The Lovers and the Despot

Review by Matthew Eng

Directed by

Robert Cannan Ross Adam

Starring

Paul Courtenay Hyu

Anticipation.

This uncommonly odd, barely-remembered story is fully deserving of further cinematic investigation.

Enjoyment.

A peculiar record of life-or-death moviemaking, wisely ballasted by emotional honesty.

In Retrospect.

Here is the type of outlandishly engaging, cinephile-friendly tale that can only exist in the movies.

Two filmmakers are forced to work for Kim Jong-il in this utterly bizarre true story.

Some stories are so vividly and thrillingly cinematic that, quite simply, they cannot be written. In 1978, the South Korean actress Choi Eun-hee was kidnapped by Kim Jong-il in Hong Kong and held captive in North Korea. Months later, Shin Sang-ok, a critically-acclaimed South Korean filmmaker who also happened to be Eun-hee’s ex-husband, was also abducted in Hong Kong while attempting to find his former wife.

He, too, was brought to North Korea, where he was starved, tortured, and imprisoned for five years. When he was finally released, Sang-ok reunited with his ex-wife as both romantic and creative partner. Within the next two years, the reunited (and soon remarried) couple would helm seventeen films under the jurisdiction of their all-powerful benefactor-captor, before making an impossible escape in 1986.

This extraordinarily bizarre but long-forgotten story has now been revisited in Ross Adam and Robert Cannan’s engaging new documentary, The Lovers and the Despot. Comprising grainy archive footage, convincing recreations, cunningly-selected film clips from Eun-hee and Sang-ok’s extensive filmographies, and interviews with various subjects (including a still-living and wistful Eun-hee), Adam and Cannan find fascinating and detailed angles into a story that might have been just a remarkable chronicle of unlikely resilience.

The Lovers and the Despot digs deeper and starts in earnest as an emotional account of the pain and prickliness of imperfect coupledom. There’s a simple but soulful pleasure to be found in watching Eun-hee tenderly recount how she, a beloved starlet accustomed to VIP treatment, fell in love with the brilliant director who wanted to make movies with her forever, only to later find a chasm opening between them due to a reckless affair and illegitimate pregnancy.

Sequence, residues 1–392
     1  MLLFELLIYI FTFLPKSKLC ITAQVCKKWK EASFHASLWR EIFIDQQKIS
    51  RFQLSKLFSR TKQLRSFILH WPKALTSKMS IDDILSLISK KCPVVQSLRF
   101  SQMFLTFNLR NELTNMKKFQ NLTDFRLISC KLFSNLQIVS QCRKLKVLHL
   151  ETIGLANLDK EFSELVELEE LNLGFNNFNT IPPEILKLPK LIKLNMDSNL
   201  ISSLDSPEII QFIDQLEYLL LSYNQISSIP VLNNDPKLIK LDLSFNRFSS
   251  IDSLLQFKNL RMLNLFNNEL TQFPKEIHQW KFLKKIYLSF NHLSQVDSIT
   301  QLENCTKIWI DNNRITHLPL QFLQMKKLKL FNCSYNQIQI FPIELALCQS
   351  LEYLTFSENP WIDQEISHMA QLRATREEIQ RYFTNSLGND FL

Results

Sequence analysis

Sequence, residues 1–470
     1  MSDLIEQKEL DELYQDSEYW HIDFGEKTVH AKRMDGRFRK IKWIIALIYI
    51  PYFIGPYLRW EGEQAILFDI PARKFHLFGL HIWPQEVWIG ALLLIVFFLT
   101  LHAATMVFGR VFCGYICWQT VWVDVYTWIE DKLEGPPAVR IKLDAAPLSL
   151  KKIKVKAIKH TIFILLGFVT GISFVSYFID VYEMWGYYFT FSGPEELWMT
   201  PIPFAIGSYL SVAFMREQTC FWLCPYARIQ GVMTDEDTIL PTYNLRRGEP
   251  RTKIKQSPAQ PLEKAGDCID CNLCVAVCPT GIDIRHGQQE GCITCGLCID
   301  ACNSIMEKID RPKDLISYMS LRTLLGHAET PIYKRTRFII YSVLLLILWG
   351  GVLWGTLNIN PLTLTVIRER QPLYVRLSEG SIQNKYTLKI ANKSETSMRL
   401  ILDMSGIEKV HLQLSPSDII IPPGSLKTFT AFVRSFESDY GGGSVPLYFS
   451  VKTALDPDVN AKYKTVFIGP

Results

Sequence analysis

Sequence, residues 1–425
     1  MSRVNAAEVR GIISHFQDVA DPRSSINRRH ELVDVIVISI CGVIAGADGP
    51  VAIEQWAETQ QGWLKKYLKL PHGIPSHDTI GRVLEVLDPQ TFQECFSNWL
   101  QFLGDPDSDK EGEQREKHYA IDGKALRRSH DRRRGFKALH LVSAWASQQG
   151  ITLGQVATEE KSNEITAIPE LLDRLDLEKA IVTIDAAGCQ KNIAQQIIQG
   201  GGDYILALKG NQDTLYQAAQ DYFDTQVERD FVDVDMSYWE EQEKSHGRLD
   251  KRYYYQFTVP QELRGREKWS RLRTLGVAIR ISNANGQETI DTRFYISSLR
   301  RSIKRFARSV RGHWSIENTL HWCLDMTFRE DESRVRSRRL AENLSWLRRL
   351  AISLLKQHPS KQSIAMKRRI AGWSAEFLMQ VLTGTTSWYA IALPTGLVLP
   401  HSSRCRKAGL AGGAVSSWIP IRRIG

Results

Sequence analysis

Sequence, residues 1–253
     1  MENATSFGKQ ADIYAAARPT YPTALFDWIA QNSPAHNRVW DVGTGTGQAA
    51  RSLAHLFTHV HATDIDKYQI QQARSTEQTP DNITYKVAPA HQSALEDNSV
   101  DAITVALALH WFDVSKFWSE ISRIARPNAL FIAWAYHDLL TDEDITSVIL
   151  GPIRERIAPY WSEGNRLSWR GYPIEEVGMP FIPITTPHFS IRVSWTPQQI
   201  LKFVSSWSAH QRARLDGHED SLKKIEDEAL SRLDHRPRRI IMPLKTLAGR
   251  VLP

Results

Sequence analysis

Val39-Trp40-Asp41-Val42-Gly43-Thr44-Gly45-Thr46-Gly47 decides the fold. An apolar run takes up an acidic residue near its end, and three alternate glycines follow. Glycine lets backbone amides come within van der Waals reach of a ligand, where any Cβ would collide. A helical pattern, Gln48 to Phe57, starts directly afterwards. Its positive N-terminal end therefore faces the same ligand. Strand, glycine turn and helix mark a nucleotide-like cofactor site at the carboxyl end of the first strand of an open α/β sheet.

Upon their separate kidnappings, the film reconfigures into an equally riveting and ambiguous examination of how an oppressive confinement could somehow lead to flexibly creative fulfilment. Provided with generous budgets and artistic freedom by a dictatorial cinephile, Eun-hee doesn’t conceal the satisfaction she and her husband found in making these movies, which won them prizes and played European festivals that the couple were allowed to attend, albeit under the vigilant supervision of North Korean guards.

Adam and Cannan don’t shy away from the murkiness of their unusually accommodating internment, even as they refuse to probe Eun-hee on some of the more questionable aspects of her and her husband’s time in (and out of) North Korea. The film mines obvious tension from the thriller-esque kicks of this chapter, but it ultimately loses out by almost completely ignoring the tensions that initially pulled Eun-hee and Sang-ok apart, instead depicting husband and wife as something like a single entity. In spite of this, the film’s poignancy continues to build, especially through interviews with the couple’s now grown-up children, two adults scarred by a traumatic time in their lives in which they thought they’d never see their parents again.

Bewildering to the end, this is a memorable tale of love engendered and enhanced by traitorous friends, double-crosses, and a tyrannical puppet master with cinematic aspirations. It’s a wildly entertaining yarn, but also a revealing reminder that film history itself is so much deeper – and weirder – than we can possibly fathom.

Published 20 Sep 2016

Tags: Kim Jong-il

Anticipation.

This uncommonly odd, barely-remembered story is fully deserving of further cinematic investigation.

Enjoyment.

A peculiar record of life-or-death moviemaking, wisely ballasted by emotional honesty.

In Retrospect.

Here is the type of outlandishly engaging, cinephile-friendly tale that can only exist in the movies.

Read More

The Black Panthers: Vanguard of the Revolution

By David Jenkins

Stanley Nelson offers a broad survey of the militant political party.

review

The Interview

By David Jenkins

Seth Rogen and James Franco topple communism with comic truth bombs in this jolly satire.

review

The story of British cinema’s forgotten revolutionary

By Sam Thompson

Radical socialist filmmaker Marc Karlin emerged as a key counterculture figure in the 1970s and ’80s.

What are you looking for?

Little White Lies Logo

About Little White Lies

Little White Lies was established in 2005 as a bi-monthly print magazine committed to championing great movies and the talented people who make them. Combining cutting-edge design, illustration and journalism, we’ve been described as being “at the vanguard of the independent publishing movement.” Our reviews feature a unique tripartite ranking system that captures the different aspects of the movie-going experience. We believe in Truth & Movies.

Editorial

Design